Information Technology Law

Intellectual Property Law

omputer Programs
omputer programs are complex structures oI commands which are not comprehendible to the
average person.
They are protected as literary works under the opyright and Related Rights Acts 2000-2004,
however this is not as all-encompassing a protection as many would like.
Literary works are deIined under S. 22(1) oI the opyright and Related Rights Act 2000 as '.a
work.which is written, spoken or sung.¨
S. 2(1) oI the 2000 Act expressly includes a computer program in this deIinition.
These acts implemented the Directive on the Legal Protection oI omputer Programs (91).
A program will not be protected unless it is the authors own intellectual creation, this may increase
the standard oI originality required above the substantive skill or labour level. Also, this may cause a
problem in the context oI updates, as they may not pass the originality threshold.
Deciding whether there has been an inIringement oI a copyright on a computer program is extremely
diIIicult because the traditional principles used to identiIy a substantial similarity may be oI
'.limited and questionable utility.¨ here. (Kelleher and Murray)
There is also the problem oI non-literal copying oI a program i.e. where there is no allegation that the
code oI the program has been copied but the look and Ieel` oI a copyrighted program.
There is no consensus as to whether or not soItware is expressive oI Iunctional. II it is the latter then it
should never have been the subject oI copyright protection.
There are claims that computer programs and soItware should not have owners as copyright grew up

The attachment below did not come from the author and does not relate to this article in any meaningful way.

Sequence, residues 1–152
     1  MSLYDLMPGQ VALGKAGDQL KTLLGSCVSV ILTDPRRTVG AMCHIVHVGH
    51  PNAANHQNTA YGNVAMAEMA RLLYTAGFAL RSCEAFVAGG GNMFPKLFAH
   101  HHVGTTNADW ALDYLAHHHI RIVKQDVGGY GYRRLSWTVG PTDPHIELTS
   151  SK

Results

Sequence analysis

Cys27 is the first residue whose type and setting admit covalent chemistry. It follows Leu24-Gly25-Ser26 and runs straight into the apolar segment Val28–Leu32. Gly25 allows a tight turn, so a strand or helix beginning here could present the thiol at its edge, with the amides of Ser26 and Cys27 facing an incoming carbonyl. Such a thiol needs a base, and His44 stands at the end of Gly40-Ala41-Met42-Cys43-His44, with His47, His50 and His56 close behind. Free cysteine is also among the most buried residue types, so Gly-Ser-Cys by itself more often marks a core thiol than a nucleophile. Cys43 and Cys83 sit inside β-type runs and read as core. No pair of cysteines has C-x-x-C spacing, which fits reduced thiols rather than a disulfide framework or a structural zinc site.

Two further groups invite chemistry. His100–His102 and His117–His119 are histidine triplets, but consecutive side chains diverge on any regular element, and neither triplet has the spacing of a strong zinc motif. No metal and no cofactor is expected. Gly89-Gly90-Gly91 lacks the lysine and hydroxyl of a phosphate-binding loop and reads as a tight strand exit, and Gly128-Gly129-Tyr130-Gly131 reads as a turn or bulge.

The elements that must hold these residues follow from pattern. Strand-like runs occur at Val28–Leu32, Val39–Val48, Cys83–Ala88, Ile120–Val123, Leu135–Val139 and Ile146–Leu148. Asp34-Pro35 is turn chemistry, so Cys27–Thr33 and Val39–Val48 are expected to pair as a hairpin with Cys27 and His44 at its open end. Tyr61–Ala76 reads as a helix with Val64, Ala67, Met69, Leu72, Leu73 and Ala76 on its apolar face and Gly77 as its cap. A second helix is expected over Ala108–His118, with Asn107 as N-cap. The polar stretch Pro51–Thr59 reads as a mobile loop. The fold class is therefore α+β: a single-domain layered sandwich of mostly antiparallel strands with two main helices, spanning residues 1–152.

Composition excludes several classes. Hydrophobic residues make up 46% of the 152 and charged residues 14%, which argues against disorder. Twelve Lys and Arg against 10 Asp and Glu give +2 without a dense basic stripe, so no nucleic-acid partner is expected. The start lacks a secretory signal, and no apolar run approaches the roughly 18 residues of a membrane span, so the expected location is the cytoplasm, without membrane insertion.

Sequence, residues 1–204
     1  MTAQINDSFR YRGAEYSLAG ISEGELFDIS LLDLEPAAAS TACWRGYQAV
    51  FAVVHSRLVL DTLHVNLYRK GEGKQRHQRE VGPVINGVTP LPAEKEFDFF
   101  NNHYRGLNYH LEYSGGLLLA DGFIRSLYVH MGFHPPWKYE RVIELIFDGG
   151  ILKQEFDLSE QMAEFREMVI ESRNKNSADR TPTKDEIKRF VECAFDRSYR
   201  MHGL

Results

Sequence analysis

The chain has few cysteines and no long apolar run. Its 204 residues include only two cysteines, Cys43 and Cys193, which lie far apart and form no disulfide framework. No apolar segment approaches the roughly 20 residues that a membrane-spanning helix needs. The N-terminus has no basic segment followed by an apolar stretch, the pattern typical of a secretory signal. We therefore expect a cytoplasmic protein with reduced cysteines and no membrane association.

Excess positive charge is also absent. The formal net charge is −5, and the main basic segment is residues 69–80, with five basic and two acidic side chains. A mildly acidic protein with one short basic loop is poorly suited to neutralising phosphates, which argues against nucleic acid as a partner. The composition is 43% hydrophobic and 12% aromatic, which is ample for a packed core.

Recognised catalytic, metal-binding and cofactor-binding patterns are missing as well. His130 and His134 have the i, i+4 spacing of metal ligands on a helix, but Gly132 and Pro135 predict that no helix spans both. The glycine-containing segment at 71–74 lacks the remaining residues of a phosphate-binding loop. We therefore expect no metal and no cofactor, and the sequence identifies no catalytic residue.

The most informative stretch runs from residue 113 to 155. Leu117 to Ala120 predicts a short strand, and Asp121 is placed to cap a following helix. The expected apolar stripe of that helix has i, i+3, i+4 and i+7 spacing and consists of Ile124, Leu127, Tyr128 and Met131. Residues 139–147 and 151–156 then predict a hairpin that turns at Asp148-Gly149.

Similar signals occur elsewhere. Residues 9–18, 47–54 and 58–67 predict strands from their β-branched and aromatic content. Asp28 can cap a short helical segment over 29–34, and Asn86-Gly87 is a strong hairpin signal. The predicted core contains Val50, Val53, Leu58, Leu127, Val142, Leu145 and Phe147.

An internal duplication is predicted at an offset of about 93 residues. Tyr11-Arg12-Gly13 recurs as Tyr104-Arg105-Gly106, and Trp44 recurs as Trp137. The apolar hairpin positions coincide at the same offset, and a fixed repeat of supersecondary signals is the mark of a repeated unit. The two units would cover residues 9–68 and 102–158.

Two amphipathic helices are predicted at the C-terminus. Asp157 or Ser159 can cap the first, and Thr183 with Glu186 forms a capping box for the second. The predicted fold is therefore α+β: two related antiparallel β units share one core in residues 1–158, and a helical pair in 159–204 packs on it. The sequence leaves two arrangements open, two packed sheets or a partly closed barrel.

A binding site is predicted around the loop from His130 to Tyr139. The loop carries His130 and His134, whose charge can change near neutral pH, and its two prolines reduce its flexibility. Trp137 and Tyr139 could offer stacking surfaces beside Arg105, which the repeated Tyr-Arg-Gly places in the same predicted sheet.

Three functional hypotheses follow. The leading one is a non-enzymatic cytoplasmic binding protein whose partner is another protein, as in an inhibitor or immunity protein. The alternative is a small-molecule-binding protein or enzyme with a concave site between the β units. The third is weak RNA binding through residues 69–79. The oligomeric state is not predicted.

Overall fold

with printing and is thereIore a 'bad Iit¨ with the much more 'Ilexible area oI digital technology¨.
(Richard Stallman)
One reaction to the perceived inadequacies oI copyright in the context oI programs is the emergence
oI copyleIt` (or copywrong`). This is a social movement against copyright.
Another is the existence oI Iree soItware`.

A semiconductor chip is a miniaturised electronic circuit that has been manuIactured on the surIace oI
a thin substrate oI semiconductor.
They are highly valuable products as evidenced by the impact Intel had on Ireland`s past prosperity.
It is the topography oI the chip that causes the problem Ior intellectual property law. This is basically
the physical arrangement oI the components on the chip. Reverse engineering (through photographing
and chemical dissolving) is the primary issue.
Legislation has been brought in to combat this problem, the European ommunities ( Protection oI
Topographies oI Semiconductor Products) Regulations 1988.
It created a negative right, similar to copyrights and patent rights, which lasts Ior 10 years.
However, the legal diIIiculties surrounding semiconductors clearly demonstrate the tension that exists
between innovation and protection.

The Database directive was implemented by Part V oI the 2000 Act.
It created the sui generis right, which alongside copyright, acts to protect databases. This was done to
try and encourage the creation oI European databases.
However, as Kelleher and Murray noted it would appear that it had the opposite eIIect as the ratio oI
databases in Europe to the USA has increased Irom 2:1 to 3:1.
The directive makes clear that its provisions do not apply to computer programs used to operate
databases, however it is oIten hard to distinguish between the program and the database itselI.
An E commission report in 2005 considered the Iollowing options aIter an evaluation oI the